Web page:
Alfred Hitchcock: [fishing in a bathtub] Shh! I can't understand it. Of course. How stupid of me. I forgot to put in the water. I must do that at once if I want to catch anything today. All of this is not as absurdly irrelevant as you think. For if you listen very closely, you will hear the words "bath tub" mentioned in tonight's script. Of course, other topics are mentioned which we could have discussed. For example, the story is about marriage. However, I don't feel that marriage should be discussed on television. It's too controversial. No question about it. We are much safer with a bathtub. And now, in a moment, here is tonight's opéra bouffe, "The End of Indian Summer." Like all stories about marriage it has a great deal of romance in it. But watch for that bathtub.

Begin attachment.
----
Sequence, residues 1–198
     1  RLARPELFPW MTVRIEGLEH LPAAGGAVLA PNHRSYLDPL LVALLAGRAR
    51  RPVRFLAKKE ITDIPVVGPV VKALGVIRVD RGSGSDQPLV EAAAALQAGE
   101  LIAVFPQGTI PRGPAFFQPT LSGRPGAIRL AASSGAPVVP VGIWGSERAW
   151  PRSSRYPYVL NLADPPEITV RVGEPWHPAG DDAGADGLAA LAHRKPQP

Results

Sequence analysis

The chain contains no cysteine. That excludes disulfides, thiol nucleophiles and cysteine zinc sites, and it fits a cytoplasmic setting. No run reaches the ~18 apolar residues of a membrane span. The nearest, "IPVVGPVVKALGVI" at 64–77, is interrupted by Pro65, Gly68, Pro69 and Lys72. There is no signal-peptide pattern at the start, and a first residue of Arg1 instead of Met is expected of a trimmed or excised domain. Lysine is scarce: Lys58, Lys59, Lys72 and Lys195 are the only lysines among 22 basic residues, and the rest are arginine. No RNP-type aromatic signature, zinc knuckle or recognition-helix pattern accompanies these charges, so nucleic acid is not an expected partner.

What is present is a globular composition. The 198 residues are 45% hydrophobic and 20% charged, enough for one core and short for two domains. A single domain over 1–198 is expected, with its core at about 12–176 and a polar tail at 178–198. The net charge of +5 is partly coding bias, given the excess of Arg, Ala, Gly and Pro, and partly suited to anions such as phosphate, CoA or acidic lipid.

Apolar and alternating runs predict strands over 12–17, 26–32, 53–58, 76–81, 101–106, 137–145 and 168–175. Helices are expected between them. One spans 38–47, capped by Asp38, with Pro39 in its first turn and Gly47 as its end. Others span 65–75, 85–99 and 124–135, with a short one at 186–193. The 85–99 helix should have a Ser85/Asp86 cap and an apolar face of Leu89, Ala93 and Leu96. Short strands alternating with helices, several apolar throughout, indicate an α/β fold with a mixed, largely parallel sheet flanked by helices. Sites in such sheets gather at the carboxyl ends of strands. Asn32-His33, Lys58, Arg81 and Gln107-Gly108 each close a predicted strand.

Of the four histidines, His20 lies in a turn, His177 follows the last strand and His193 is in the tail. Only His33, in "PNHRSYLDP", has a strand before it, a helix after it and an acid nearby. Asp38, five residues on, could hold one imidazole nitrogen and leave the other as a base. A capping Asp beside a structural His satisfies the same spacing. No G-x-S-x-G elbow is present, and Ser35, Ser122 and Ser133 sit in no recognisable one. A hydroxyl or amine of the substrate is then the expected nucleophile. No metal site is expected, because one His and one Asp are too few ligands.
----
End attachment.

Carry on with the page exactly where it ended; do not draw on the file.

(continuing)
Henderson: [on the phone] All right, all right. You don't have to shout. There's nothing wrong with my ears. Anyone can make a mistake. No, I am not gonna fire him. Not yet.
Joe Rogers: Well, I suppose it all depends now on whether she takes her bath before he eats breakfast.
Saunders: Or vice versa.
Alfred Hitchcock: There's was truly a wedding of December and December. It ended in a draw, with no one the winner except the insurance companies. And now for the epilogue of tonight's story, after which I'll scamper back.
Alfred Hitchcock: We have now passed another tombstone along television's highway to culture. Please join us next week when we continue our pilgrimage.